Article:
Just days before the Omicron variant was first detected, health officials in South Africa turned away shipments of doses from Pfizer-BioNTech and Johnson & Johnson, worried that their stockpile of 16 million shots might spoil amid insufficient demand.
Though only 36 percent of South African adults are fully vaccinated, daily vaccinations have already been flatlining, according to government statistics.
Namibia, Zimbabwe, Mozambique and Malawi have also asked vaccine manufacturers and donors to hold off on sending more shots because they can’t use the supplies they have, according to several health officials involved in the effort to distribute vaccines to developing nations.
President Donald J. Trump tested positive for coronavirus three days before his first debate with Joseph R. Biden Jr. in 2020, two former administration officials said Wednesday.
The White House did not announce the positive test at the time, and the president received a negative result shortly afterward and carried on with a campaign rally and the debate, the officials said. The account was first reported by The Guardian, which cited a forthcoming book by Mr. Trump’s chief of staff, Mark Meadows.
The two former officials, who spoke on condition of anonymity because they were not authorized to discuss the matter publicly, confirmed the timeline on Mr. Trump’s test results contained in “The Chief’s Chief,” by Mr. Meadows, Mr. Trump’s fourth and final White House chief of staff.
The revelation came nearly a year after widespread speculation that Mr. Trump was sick when he first shared a stage with Mr. Biden for their first presidential debate on Sept. 29, months into the pandemic.
The White House declined repeatedly at the time to give a precise chronology of when precisely Mr. Trump first received a positive coronavirus test result. The administration first told the public in the early hours of Oct. 2 that Mr. Trump had tested positive. Mr. Trump was hospitalized later that same day.
England’s return to some Covid restrictions on Tuesday provoked a range of emotions: anger, dismay, weariness, and, for some, indifference. From London, festooned with Christmas lights, to Bradford, in northern England, the feeling on the streets was, above all, one of weary resignation.
“I expected it, because the British took so long,” said Ali Hasan, 31, a medical consultant at a hospital in Bradford, referring to the nation’s first lockdown, in March 2020, which he said should have been imposed sooner, were it not for what he described as the “laziness” of the country’s political parties.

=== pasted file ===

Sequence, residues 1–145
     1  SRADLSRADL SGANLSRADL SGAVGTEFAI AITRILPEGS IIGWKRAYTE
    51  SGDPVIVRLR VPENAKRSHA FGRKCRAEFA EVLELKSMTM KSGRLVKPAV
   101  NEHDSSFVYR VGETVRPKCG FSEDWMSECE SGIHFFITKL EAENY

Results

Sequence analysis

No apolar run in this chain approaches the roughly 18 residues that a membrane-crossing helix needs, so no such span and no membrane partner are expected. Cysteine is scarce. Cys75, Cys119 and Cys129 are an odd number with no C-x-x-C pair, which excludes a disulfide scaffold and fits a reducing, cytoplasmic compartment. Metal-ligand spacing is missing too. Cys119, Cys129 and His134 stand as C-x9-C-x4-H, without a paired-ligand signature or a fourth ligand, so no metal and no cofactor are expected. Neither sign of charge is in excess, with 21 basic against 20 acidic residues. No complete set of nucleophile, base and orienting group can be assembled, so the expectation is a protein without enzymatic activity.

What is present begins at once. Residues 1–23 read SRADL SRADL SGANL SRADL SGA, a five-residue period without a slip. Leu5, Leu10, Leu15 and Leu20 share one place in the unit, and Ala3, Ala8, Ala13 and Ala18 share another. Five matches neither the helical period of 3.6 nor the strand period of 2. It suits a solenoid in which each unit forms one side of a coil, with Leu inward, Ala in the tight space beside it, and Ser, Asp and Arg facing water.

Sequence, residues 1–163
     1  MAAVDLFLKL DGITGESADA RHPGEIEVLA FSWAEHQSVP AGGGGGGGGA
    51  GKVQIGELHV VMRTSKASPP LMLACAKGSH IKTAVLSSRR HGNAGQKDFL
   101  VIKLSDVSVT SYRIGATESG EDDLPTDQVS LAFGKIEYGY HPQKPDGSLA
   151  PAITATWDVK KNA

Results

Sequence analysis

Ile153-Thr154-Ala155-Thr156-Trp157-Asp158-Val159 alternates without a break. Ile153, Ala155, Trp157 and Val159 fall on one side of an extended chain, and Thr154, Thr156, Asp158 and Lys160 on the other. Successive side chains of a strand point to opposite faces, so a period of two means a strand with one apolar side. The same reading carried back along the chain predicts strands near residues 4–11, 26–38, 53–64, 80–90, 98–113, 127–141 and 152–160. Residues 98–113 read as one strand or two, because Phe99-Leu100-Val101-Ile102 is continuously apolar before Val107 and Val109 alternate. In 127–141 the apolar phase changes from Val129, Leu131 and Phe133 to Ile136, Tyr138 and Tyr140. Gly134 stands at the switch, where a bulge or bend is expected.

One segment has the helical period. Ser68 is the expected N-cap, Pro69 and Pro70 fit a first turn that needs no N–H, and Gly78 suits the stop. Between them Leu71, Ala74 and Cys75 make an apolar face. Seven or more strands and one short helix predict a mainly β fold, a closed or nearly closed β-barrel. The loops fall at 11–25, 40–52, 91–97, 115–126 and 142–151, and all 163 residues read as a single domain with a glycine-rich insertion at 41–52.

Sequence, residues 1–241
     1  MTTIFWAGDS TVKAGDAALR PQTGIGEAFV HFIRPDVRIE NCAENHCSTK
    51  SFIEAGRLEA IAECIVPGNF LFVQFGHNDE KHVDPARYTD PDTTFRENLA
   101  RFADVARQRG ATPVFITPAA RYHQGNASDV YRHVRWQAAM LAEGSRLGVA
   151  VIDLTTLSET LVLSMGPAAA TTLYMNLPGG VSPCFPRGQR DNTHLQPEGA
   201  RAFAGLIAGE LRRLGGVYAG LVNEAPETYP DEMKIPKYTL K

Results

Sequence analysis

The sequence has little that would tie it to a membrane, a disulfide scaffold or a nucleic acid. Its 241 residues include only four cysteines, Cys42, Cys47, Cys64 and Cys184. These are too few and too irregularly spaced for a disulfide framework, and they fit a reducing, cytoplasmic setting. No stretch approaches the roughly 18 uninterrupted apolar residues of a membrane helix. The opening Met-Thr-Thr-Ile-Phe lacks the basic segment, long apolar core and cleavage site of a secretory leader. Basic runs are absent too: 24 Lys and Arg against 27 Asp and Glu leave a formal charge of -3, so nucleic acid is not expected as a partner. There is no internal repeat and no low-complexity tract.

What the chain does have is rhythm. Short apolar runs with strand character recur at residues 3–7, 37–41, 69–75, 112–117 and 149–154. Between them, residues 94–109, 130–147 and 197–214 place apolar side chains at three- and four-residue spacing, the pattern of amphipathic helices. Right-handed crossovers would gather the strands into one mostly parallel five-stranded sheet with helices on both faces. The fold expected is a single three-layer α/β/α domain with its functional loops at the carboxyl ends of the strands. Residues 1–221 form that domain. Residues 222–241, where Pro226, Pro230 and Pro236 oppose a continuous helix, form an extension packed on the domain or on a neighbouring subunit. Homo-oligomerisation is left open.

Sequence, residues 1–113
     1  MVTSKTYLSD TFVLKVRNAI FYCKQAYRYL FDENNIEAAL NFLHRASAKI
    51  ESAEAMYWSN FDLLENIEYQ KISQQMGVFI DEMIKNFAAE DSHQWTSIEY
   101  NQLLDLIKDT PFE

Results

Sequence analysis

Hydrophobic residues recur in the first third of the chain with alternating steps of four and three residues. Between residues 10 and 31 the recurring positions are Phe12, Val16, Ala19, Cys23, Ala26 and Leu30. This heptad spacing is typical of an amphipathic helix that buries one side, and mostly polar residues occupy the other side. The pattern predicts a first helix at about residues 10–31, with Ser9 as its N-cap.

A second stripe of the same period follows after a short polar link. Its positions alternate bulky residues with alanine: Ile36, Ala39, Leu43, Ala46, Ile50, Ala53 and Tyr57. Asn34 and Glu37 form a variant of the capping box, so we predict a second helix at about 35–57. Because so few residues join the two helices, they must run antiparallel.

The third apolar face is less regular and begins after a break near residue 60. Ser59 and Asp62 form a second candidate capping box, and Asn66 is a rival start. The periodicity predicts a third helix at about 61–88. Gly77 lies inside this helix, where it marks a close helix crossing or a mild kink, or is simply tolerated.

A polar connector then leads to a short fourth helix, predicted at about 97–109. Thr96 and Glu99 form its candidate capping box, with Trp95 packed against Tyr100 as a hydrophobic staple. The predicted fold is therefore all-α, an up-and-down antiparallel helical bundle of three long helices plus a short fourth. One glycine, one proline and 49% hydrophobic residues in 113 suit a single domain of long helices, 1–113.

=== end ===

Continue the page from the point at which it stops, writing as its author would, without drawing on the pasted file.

The British government ended virtually all restrictions in England over the summer, and has seen a high but relatively stable coronavirus caseload in recent weeks. Even now, it is stopping short of the health pass systems, vaccine mandates and lockdown measures that have been implemented to stem surges elsewhere in Europe.
But it has responded to news of the Omicron variant by severely restricting travel from 10 African countries, reinstating testing and self-isolation requirements for other arrivals, and making face masks compulsory on public transportation and in shops.
Many in England had been anticipating restrictions for a while, and some had started to take matters into their own hands. Though masks are not mandatory in restaurants or cafes, Audrey Mekki, 35, a waitress at Pera, a Mediterranean restaurant in North London, makes a point of wearing one throughout her shift.
“I’m wearing it for my safety, and also for the customers,” she said. “Most don’t mind, but some may not feel comfortable if the waitresses serving their food are not masked.”
Helen Daly, 62, who was in London on a holiday from Cork, Ireland, said she had been surprised by the lax British attitude.
“There’s very little mask-wearing here,” she said. “We were at the theater last night. There were four of us, and we were the only four wearing masks.”
For Matthew Leonard, 22, however, the change on the subway was sudden and visible. He said he arrived in London the night before the new regulations took effect. “It was pretty much how it was before, sort of 50-50,” Mr. Leonard said, “but then this morning I noticed almost all people wearing masks.”
At schools, students age 11 and older are now advised to wear masks in communal spaces. Lucy Long, 41, who has a 10-year-old-daughter, explained that the school drop-off had also changed; parents no longer gather for a conversation at the gates. She supports requiring children to wear masks.
“We don’t know what’s going to happen to these children in 20 years’ time after any infection,” she said.
In Bradford, where Ursula Sutcliffe runs a small plant shop and cafe, she said the successive lockdowns had taken a toll — to say nothing of Brexit, which drove up the cost of her plants, which are imported from the Netherlands.
“We’ve just been in an uphill battle,” Ms. Sutcliffe said. Referring to Britain’s prime minister, she added: “Boris Johnson should never have stopped wearing face masks in the first place. If we’d just kept face masks on, we probably could have just gone about our lives. But he is so eager to say, ‘Yay, we’re back to normal.’ We’re not!”
In other news from around the world:
Japan asked airlines to stop accepting new bookings for inbound all flights for the rest of the year. However, existing bookings would not be affected. Japan also confirmed its second Omicron case on Wednesday.
The incoming chancellor of Germany, Olaf Scholz, said he wanted vaccinations in the country to be mandatory, possibly as soon as February. He told a German newspaper that the high rates made the move necessary.
Ghana and Nigeria are the latest African nations to confirm cases of the variant. In Nigeria, three travelers from South Africa tested positive for the variant, and Ghana detected the variant on Nov. 21.
Among the many unknowns surrounding the new coronavirus variant called Omicron, named after the 15th letter of the Greek alphabet, one has stood out to many English speakers: How is it pronounced?